I was originally going to write all about how awesome it is to be hired to write articles for this Australian design blog– and while it’s still super awesome– I stopped writing my article on color schemes for said design blog to read this other incredible article on the amazing need for perspective with the ad agency setting, you can check it out here.
and then of course I had to talk about it, duh.
I don’t know if I would have had the chutzpah to be as candid as this gentleman is about his experiences in advertising, but what I do know is how happy it makes my heart to read someone else’s take on it–– especially when it’s pretty close to mine. I graduated art school in 07 and ran straight up to NYC to get my hands on the sweet money cake that is design life post graduation (oh, the sweet naive me of 2007). I didn’t really want to work in advertising– I didn’t like making commercials when I was doing it as a kid, I don’t like watching ads now, I didn’t expect to like making the ads either– and you know what? I hated every minute of my life working in an ad agency. And I even worked at one of those “un agency agencies”.
Yeah, they make those, and I still don’t really know if there’s any true differences between the two.
The article written by Mr. Redding describes what I found all too soul-crushing, “…But what I didn’t do, with the benefit of perspective, is anything of any lasting importance. At least creatively speaking. Economically I probably helped shift some merchandise. Enhanced a few companies bottom lines. Helped make one or two wealthy men a bit wealthier than they already were.”
This paragraph sits at the end of a long, gorgeously written essay on the trials and tribulations of working as a cog in the mechanisms that is agency life, but that reality described by Mr. Redding was not lost on me during my stint in the day to day trudgery. I did not need to spend 30 years trying to convince myself that this is what I was born to do, it was an existential struggle to last six months. My problem was the complete and utter REMOVAL of perspective within agency life that caused me to feel as if I was a foreign animal on display in a strange world. The jargon made no sense to me, the actions of those around me made no sense to me, and I, in turn, made no sense to anyone else. For years this really affected my view of my work, how I felt about myself, and it washed away any belief that MY perspective on this whole thing could actually be the right one. If this was design, I thought, I want no part of it.
Five years after that ridiculous through-the-looking-glass-esque experience, I believe I’ve finally come through the other side. I run my freelance business in a way that counters all of the discrepancies I felt while working in that ill-fitting establishment, and I focus my attention towards small businesses and other like-minded humans– not piece-meal conveyor belt style set ups. While some people snub their noses at the fact that I don’t really strive to work with Fortune 500 companies (oh the SHAME!), I very much hold my head high in creating work that is completely aligned with my ethos as an artist and designer, along with the knowledge that the work that I do is for the betterment of another individual’s hard work and at the heart of the realization of their goals. It may not be perfect, but it works so much better than banner ads for T. Rowe Price. Just sayin.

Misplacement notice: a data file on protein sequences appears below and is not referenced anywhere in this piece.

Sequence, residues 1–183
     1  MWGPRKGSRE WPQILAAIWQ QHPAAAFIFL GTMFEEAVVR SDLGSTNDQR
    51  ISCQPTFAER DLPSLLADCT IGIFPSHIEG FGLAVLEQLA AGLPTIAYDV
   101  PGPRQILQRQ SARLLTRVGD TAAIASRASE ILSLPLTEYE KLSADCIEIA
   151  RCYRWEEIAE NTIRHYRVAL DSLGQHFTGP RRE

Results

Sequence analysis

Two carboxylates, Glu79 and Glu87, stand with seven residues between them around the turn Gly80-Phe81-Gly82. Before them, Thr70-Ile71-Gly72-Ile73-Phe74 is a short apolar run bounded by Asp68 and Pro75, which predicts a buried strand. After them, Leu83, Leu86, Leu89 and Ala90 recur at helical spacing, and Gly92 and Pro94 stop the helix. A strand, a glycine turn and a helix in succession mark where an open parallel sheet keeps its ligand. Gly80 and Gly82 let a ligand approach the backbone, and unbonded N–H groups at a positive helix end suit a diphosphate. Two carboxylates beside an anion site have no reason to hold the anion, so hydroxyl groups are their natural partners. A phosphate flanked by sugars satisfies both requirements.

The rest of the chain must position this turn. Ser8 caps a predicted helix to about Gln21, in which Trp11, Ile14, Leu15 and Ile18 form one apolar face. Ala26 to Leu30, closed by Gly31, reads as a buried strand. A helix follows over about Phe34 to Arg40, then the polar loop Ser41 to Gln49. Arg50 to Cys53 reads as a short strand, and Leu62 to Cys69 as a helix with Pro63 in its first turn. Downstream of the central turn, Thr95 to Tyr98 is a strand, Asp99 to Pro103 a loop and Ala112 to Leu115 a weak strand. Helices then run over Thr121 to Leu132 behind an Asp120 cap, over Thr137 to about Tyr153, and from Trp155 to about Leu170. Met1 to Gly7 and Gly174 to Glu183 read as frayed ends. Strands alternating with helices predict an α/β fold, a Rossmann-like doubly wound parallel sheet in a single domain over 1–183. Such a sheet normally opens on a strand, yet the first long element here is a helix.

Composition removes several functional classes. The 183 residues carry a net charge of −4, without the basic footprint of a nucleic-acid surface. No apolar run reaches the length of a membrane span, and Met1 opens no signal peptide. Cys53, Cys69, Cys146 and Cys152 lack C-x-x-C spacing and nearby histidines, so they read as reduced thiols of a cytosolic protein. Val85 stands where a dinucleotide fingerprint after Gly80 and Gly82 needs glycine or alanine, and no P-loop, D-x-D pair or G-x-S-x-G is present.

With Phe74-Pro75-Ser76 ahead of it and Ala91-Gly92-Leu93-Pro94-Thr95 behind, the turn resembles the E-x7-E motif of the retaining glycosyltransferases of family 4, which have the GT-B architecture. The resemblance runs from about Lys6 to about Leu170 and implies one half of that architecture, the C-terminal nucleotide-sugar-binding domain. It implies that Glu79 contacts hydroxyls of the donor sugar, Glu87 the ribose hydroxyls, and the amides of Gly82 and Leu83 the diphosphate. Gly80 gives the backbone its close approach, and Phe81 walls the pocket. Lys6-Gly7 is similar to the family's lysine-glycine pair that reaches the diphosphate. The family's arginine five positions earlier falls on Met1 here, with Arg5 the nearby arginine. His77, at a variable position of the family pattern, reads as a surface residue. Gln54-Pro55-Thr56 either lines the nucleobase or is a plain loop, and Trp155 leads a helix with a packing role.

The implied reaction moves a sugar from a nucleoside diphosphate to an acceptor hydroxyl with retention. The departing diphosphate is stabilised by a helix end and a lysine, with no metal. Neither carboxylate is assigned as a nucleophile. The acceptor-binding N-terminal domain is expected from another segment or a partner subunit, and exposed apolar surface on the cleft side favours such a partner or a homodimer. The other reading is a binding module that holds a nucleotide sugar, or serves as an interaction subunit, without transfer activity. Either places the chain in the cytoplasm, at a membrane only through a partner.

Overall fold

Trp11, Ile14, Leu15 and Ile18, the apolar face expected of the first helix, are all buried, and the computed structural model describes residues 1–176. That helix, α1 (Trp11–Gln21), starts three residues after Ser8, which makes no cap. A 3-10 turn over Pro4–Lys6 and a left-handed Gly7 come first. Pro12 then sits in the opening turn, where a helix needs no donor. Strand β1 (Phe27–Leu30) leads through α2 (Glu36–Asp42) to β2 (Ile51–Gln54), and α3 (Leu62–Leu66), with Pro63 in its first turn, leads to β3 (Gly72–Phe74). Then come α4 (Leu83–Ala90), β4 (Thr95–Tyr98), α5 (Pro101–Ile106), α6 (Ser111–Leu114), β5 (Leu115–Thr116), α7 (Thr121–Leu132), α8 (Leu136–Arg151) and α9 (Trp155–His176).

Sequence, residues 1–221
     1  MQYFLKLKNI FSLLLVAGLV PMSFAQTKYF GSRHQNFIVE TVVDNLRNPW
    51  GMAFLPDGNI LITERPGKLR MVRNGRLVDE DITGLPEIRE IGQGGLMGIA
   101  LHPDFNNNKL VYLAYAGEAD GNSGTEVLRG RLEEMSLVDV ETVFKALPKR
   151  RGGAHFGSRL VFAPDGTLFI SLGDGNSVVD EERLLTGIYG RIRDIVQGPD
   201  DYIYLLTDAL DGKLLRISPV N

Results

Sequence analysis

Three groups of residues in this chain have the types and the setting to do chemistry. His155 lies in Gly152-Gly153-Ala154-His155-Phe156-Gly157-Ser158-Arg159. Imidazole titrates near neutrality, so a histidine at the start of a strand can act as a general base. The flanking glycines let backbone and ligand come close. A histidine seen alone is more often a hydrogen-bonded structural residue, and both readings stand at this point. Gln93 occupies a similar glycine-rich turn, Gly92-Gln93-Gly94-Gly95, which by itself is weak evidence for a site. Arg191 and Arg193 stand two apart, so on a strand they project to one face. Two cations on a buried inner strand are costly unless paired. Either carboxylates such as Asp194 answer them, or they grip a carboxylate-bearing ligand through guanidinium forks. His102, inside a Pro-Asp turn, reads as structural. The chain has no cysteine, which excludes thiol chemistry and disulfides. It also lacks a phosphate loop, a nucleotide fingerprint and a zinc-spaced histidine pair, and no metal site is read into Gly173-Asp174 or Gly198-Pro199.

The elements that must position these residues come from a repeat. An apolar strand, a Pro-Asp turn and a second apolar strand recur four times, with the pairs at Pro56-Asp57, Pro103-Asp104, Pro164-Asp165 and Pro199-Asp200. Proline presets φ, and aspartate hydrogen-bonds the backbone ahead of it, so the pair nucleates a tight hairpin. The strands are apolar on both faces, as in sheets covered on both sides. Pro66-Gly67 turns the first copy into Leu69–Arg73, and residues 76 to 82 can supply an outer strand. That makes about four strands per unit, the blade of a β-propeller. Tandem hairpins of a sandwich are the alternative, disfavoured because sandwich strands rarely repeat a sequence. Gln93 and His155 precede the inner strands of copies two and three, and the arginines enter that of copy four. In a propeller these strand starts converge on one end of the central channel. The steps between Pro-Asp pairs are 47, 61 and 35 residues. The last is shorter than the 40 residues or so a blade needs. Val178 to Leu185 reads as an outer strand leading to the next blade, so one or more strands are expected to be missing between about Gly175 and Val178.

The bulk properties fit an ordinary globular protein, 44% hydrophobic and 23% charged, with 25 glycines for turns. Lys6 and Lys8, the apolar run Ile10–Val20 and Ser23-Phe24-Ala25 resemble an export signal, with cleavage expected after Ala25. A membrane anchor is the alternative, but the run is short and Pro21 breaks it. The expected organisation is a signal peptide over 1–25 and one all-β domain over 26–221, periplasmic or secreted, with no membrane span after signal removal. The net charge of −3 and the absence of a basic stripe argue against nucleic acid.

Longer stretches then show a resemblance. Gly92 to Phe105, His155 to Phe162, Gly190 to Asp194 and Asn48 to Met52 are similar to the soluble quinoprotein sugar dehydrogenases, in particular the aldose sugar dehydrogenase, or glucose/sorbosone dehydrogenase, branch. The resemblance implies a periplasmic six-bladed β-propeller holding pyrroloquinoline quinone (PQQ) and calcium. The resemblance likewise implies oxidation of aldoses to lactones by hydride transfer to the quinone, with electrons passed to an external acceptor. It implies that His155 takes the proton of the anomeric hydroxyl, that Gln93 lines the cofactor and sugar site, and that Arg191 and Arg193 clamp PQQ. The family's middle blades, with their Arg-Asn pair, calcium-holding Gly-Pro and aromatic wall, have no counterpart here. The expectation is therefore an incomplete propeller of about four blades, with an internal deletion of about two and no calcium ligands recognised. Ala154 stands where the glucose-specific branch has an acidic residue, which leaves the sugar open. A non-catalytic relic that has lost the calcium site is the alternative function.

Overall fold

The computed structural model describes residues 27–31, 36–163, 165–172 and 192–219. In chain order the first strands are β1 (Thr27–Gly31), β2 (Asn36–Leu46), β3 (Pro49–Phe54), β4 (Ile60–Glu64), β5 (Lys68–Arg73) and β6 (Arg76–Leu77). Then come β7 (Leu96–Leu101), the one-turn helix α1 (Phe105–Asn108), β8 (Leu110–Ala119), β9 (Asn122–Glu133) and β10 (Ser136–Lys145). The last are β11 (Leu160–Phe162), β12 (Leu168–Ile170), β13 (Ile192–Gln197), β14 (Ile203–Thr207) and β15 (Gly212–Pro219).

While my experience may be subjective as all get out, there is a recent hiccup that would have benefited from a healthy dose of perspective. Case in point, the Homeless as Hotspots. No matter what the company’s PR driven explanation is, it just irks me. The stench of pretentious under the guise of altruism is so strong, I can smell Austin all the way from my apt in Hollywood, and we gots lots of homeless here. Problem is, copy like “My name is _____, I’m a 4G hotspot” isn’t written with educating hipsters on the life of the homeless. It’s aimed at getting people interested in using mobilized hotspots for their 100% completely necessary iPad/iPhone/Macbook/smartphone/gadget/whatever it is taking you out of the present moment. Oh excuse me, my sarcasm was showing.
Subject matter and execution such as this is absolutely going to be a sensitive issue, so why not filter out your ad agency buddies for advice, and look towards social workers, psychologists or anthropologists to see the best way to fix a social problem. It’s not a damn advertising campaign, it’s someone’s quality (or lack there of) of life.
Whew, sorry. I guess blatant exploitation really gets under my skin.
In any case, perspective, both of yourself, your work, and the driving force behind it all, is an invaluable asset to be nurtured as well as kept in check– especially when considering input from an obtrusive, heavy handed outsider, no matter who or what they are.